using her wand like a willow to flail them till they bristled into porkers,
snorting, wheezing and grovelling with their snouts all the way to the sty.
Minds as strong as before but useless in the grunt of an animal.
As they sobbed in their pig-pens, Circe tossed their nuts in the mud.
(A Translation from Homer’s The Odyssey, Book VI, ll. 224-249)
Mighty Odysseus bathed in the river, washing his body,
sluicing the sea-brine coating his back and his broad shoulders,
scrubbing away the dandruff of salt-crust scaling his head.
Once he had bathed, and was glistening with oil, he put on the clothing
the princess had given him, while divine Athena enhanced his appearance,
making him seem taller, more muscled and powerful, and down from his forehead
running his curls in ringlets like clusters of hyacinth blossom.
Masterly as an artisan pouring gold upon silver (and one whom Hepaestus
and Athena had tutored in skilful technique), as he perfects his creation,
Athena now lavished such glory on Odysseus’ head and shoulders.
Walking to the shore, he sat there, alone, shimmering with glamour;
and the breath-taken princess stood and stared at him, lost in wonder.
Turning to her handmaids with the long-braided-hair, she spoke to them, saying:
“Listen to me now, my girls with white arms, the gods on Olympus
surely are not all against this man who visits among us.
Shameful and crude, at first he seemed, but now I confess
that if only a man like this were my husband, and stayed on forever!
Just be certain, my girls, the man has plenty to eat and to drink.”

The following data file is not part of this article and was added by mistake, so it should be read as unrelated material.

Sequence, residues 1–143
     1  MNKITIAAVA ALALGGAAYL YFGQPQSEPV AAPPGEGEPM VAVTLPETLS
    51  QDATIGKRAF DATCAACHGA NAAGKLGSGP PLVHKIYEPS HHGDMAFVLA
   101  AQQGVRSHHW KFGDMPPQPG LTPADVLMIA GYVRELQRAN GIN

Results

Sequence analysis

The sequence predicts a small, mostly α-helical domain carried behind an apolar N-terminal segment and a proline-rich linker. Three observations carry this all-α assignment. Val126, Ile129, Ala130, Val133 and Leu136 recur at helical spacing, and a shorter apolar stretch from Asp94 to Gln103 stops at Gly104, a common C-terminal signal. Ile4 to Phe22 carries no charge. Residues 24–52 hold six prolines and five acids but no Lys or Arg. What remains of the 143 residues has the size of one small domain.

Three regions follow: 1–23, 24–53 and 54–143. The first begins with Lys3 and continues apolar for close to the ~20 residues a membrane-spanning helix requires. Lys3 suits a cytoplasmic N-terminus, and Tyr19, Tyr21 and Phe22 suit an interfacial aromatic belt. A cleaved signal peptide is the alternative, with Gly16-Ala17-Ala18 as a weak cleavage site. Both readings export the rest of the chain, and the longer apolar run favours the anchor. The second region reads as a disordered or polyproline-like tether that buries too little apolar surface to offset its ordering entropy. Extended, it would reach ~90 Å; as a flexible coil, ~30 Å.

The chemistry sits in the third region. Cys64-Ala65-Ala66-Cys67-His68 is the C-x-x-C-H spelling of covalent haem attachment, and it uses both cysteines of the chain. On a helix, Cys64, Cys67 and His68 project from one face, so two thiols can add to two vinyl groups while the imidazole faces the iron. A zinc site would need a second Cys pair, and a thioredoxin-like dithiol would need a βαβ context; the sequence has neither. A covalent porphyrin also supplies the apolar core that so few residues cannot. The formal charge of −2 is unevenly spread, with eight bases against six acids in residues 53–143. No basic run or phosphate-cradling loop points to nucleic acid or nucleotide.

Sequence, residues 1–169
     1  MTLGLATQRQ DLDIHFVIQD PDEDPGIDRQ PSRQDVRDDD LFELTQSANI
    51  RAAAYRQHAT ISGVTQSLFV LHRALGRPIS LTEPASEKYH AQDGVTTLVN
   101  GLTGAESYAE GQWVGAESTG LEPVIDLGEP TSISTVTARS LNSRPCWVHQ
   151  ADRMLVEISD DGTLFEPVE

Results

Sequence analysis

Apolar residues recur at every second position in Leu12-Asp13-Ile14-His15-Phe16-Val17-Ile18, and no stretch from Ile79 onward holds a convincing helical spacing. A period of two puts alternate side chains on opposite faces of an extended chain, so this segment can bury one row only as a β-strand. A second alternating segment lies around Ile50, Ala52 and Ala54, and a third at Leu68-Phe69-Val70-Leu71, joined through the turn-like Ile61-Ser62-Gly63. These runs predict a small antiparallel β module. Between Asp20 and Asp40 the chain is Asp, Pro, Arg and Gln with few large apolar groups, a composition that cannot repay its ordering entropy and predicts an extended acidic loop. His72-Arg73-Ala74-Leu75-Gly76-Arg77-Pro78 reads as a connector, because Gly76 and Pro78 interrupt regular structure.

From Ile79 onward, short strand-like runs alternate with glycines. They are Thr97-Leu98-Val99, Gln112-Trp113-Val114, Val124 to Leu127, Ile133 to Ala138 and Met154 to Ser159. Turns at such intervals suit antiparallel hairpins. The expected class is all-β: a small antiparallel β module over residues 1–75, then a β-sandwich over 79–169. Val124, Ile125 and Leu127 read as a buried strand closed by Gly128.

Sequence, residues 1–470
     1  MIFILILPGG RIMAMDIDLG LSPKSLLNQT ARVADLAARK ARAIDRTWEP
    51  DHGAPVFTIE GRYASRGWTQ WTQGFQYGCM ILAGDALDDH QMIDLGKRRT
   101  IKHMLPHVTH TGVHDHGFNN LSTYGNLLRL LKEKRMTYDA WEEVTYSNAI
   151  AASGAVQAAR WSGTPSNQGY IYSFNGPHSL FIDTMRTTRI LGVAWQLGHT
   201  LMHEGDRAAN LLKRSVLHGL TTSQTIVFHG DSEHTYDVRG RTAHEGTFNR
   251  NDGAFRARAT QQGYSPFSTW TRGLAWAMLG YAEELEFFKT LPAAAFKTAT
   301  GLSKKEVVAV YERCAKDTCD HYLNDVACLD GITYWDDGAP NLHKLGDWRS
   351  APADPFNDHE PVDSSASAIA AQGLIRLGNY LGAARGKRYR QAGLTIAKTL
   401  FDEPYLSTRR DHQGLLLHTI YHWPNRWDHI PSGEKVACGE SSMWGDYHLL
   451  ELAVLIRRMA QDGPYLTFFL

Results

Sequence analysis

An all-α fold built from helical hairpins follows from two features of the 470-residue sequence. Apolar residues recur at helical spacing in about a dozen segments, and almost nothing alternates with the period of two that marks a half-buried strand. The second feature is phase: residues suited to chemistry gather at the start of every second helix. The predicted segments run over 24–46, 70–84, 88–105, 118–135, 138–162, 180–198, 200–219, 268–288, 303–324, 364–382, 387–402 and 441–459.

They listened attentively, and hurried away to do her bidding,
bringing Odysseus food and drink; and he feasted greedily;
god-like Odysseus, so hungry, so long since he tasted meat...
From Rilke’s Sonnets to Orpheus
Desire transformation, love the flame,
the thing you miss in Change’s proud display.
The shaping spirit, ruling the mundane,
adores the turn, like dawn returning day.
When baked and sealed to last, do pots of clay
really feel secure to be dried and grey?
But the hard calls to hardest, and we know
somewhere a hammer rises for the blow.
Give yourself away, like a bubbling spring,
then Knowing knows and leads you in the dance
which ends so often where it will begin;
each parting breeds a space for blissful trance.
And Daphne, since the girl feels like a tree,
wants you to be a breeze, and feel free.
Mark Allinson was born in Melbourne, Australia, in 1947, and, miraculously, is still alive at the time this bio is being written, over sixty years later. However, by the time you read this, who knows. In fact, at this moment there is a massive thunderstorm bearing down on the shuddering plywood shed he inhabits on the south coast of New South Wales. Mark has published a few poems in various places, but he forgets where, just for the moment. But a few of them are on this site, in past issues. He was going to tell you a bit more about himself, but the wind is getting so strong, and the – oh, shit! What was tha